Teleworking and Congestion: A Dynamic Bottleneck Analysis
AbstractWe analyze the welfare effects of part-day teleworking on road traffic congestion in the context of Vickrey's dynamic bottleneck model. Endogenous decisions to become equipped with a teleworking-enabling technology change the scheduling of arrival times at work for equipped drivers and, due to congestion externalities, affects travel costs of all drivers. We show that even costless teleworking might be marginally welfare reducing, after reaching the optimal penetration level, as an equipped driver imposes a higher travel externality on other equipped drivers than unequipped drivers do. We study various possible market configurations for the supply of the technology, and find that private monopolistic supply of the technology might yield a higher social welfare than perfectly competitive supply.
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Bibliographic InfoPaper provided by Tinbergen Institute in its series Tinbergen Institute Discussion Papers with number 11-096/3.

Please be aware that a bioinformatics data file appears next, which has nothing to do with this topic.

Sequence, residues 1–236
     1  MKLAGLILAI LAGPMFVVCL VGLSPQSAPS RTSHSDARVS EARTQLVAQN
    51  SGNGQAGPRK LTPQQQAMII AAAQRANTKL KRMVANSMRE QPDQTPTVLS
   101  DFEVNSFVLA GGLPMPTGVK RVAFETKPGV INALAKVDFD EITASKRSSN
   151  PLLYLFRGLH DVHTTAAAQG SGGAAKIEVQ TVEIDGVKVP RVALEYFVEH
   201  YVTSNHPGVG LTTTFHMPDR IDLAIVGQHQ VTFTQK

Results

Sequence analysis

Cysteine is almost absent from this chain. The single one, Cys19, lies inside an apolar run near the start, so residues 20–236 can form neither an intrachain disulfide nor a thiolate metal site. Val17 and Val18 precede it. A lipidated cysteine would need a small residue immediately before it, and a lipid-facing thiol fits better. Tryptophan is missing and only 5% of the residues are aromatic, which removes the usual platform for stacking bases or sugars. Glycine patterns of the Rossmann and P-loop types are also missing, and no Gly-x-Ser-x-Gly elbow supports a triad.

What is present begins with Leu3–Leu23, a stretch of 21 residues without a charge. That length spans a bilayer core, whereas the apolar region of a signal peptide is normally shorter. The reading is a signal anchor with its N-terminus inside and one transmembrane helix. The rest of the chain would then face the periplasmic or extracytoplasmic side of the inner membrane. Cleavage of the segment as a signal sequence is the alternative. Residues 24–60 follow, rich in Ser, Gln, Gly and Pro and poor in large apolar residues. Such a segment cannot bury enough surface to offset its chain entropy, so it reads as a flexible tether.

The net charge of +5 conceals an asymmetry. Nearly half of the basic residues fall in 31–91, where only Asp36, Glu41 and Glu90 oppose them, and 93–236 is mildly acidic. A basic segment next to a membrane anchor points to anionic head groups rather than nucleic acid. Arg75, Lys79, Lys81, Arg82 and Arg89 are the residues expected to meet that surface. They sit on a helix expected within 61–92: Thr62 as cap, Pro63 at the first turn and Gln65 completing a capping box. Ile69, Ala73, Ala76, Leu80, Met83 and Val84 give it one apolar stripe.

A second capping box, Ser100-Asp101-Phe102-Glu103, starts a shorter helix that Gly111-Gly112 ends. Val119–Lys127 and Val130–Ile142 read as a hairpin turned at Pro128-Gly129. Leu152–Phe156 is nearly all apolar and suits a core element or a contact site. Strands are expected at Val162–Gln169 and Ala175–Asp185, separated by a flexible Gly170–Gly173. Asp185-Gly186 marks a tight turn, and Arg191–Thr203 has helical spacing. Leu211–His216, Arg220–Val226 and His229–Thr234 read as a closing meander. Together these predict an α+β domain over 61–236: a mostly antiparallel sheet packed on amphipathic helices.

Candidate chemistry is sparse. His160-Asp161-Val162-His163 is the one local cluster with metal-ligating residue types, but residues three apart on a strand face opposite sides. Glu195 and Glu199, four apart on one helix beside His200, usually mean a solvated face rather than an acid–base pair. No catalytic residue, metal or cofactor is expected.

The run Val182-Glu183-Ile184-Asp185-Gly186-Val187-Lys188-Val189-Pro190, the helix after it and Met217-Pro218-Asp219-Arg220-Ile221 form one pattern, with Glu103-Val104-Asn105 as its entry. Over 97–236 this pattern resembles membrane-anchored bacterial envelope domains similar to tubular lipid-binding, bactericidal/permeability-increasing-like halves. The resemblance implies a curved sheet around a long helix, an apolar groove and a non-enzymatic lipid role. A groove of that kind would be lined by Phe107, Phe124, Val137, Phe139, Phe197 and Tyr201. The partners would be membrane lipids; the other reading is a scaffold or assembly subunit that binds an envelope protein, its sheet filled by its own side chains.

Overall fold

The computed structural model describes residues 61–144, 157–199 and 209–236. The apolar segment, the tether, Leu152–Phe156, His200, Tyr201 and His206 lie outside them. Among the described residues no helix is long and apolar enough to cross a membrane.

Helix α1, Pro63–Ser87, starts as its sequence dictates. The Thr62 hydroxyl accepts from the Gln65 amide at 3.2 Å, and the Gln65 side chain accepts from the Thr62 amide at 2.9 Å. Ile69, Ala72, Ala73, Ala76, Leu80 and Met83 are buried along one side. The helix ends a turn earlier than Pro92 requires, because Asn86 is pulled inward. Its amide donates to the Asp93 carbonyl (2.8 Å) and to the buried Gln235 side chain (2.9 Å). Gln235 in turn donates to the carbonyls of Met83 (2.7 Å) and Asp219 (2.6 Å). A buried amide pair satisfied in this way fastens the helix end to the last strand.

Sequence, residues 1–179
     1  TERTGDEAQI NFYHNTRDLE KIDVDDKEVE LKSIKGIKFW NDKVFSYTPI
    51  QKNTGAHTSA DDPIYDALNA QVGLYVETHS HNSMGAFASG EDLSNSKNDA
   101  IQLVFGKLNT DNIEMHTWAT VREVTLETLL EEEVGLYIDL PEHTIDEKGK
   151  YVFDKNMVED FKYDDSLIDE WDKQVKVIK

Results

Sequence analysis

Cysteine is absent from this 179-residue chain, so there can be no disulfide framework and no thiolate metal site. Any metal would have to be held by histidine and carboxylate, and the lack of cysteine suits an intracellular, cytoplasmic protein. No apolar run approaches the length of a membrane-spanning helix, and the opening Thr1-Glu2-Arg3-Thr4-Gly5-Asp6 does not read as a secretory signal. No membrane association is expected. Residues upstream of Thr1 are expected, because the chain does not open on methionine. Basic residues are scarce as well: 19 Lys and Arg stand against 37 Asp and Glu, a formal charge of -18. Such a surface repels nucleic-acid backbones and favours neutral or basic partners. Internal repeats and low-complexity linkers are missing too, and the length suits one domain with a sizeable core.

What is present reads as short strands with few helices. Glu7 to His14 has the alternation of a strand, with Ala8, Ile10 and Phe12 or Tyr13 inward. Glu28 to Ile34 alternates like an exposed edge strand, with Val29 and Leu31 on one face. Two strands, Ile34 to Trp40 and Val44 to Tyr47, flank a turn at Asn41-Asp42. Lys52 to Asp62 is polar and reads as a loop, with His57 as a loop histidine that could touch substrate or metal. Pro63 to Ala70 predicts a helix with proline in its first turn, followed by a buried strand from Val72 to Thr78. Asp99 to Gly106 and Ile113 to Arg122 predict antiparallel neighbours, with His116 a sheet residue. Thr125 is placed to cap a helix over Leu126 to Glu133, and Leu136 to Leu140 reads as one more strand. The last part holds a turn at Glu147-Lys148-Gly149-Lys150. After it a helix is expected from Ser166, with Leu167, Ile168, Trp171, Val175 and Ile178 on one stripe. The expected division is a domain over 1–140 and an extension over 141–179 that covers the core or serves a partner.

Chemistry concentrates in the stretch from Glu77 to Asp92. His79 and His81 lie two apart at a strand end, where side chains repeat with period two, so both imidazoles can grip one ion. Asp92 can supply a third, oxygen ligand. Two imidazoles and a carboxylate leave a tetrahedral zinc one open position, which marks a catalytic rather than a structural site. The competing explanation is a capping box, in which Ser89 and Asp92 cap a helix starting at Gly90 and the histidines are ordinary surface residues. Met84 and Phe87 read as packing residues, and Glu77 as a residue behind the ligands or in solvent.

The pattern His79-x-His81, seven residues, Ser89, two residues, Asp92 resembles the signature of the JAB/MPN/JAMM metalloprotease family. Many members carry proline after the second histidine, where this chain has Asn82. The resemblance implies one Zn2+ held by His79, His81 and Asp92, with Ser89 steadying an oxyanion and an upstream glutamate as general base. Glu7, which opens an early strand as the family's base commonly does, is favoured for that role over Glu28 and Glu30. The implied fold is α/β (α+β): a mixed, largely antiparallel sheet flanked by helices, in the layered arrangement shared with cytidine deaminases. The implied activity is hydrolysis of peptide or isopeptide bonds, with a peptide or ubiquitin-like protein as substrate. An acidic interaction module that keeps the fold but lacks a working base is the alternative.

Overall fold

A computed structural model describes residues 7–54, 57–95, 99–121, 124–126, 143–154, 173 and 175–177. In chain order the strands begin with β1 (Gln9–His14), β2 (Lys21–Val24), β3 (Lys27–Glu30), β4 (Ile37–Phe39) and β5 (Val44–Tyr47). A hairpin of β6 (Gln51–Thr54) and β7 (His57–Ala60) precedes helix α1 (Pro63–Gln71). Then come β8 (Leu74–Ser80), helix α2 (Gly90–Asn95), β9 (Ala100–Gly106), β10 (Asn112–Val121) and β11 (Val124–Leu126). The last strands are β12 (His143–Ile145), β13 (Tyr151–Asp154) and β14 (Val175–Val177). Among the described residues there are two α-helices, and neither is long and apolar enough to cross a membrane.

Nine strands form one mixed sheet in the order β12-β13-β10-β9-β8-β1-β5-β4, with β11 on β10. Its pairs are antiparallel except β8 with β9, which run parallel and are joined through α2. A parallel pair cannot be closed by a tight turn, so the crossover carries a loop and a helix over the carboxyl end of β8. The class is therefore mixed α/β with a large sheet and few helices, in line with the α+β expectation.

Date of creation: 18 Jul 2011
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traffic congestion; teleworking; bottleneck model;
Find related papers by JEL classification:
- D62 - Microeconomics - - Welfare Economics - - - Externalities
- O33 - Economic Development, Technological Change, and Growth - - Technological Change; Research and Development; Intellectual Property Rights - - - Technological Change: Choices and Consequences; Diffusion Processes
- R41 - Urban, Rural, Regional, Real Estate, and Transportation Economics - - Transportation Economics - - - Transportation: Demand, Supply, and Congestion
- R48 - Urban, Rural, Regional, Real Estate, and Transportation Economics - - Transportation Economics - - - Government Pricing and Policy
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